PEAK POSITION ON THE BILLBOARD CHARTS: #41*
Now, you might notice that there's a star beside the chart position. I'll get to that.
The song was originally released in 1981 with a slightly different arrangement by The Psychadelic Furs – a group based out of the UK that at the time of the song's release featured members Richard Butler, Tim Butler, Duncan Kilburn, Roger Morris, Vince Ely, and John Ashton.
Now in 1981, the song didn't exactly chart in the United States. In the United Kingdom, it just missed the Top 40.
So, how did the song end up eventually peaking at just under the Top 40 on the Billboard Charts?
Well, let's fast forward five years to 1986. In 1986, The Psychadelic Furs re-recorded the song “Pretty In Pink” for the soundtrack of a John Hughes written, Howard Deutch directed film. The 1986 version sounded almost identical to the 1981 version...the only difference was that it was slightly modernized. In 1986, the reworked version of “Pretty In Pink” was released on the Billboard Charts, and that's how it made it to #41. In the United Kingdom, the re-released “Pretty In Pink” charted even higher than its original version, peaking within the Top 20!
“Pretty In Pink” was certainly very popular. My own sister even bought the cassette tape soundtrack for the film (which amusingly enough was pink), and the soundtrack boasted other singles from Echo and the Bunnymen, Suzanne Vega, Orchestral Manoeuvres in the Dark, and INXS. No wonder the film soundtrack sold so well in record stores!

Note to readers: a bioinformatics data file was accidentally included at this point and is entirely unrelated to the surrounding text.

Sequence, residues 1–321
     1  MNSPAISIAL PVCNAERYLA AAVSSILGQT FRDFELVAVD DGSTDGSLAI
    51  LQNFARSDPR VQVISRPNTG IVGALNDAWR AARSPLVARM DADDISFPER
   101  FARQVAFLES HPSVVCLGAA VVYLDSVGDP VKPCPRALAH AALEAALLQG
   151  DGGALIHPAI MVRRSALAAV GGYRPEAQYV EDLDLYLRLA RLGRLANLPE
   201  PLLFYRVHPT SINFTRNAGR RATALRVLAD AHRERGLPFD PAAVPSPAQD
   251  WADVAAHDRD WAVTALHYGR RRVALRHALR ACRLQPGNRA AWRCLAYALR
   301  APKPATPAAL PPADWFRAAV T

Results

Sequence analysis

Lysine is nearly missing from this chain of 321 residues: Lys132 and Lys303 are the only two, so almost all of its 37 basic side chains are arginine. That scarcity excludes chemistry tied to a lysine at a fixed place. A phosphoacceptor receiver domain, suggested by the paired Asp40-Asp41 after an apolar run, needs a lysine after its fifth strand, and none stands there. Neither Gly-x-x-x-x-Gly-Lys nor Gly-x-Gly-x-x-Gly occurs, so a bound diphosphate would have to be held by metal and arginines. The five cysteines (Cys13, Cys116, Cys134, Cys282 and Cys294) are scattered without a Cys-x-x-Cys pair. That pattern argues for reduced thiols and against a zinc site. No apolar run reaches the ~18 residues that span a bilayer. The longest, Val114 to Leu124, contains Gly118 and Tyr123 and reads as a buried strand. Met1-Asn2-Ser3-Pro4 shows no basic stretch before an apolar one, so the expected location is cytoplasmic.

Ah, but what about the movie? Well, as it turned out, the movie also did very well at the box office. Many people would even consider it to be one of John Hughes' most memorable films!
And as it so happens, the name of the film happens to be the same as that Psychadelic Furs single.
This is the blog entry on the 1986 film “Pretty In Pink”.
The movie was released on February 28, 1986 and earned a total of $40 million at the box office. Molly Ringwald – who according to some people was the Queen of the Brat Pack – was the star of the film, and other actors who appeared in the film were Harry Dean Stanton, Andrew McCarthy, Jon Cryer, James Spader, Kate Vernon, and Annie Potts.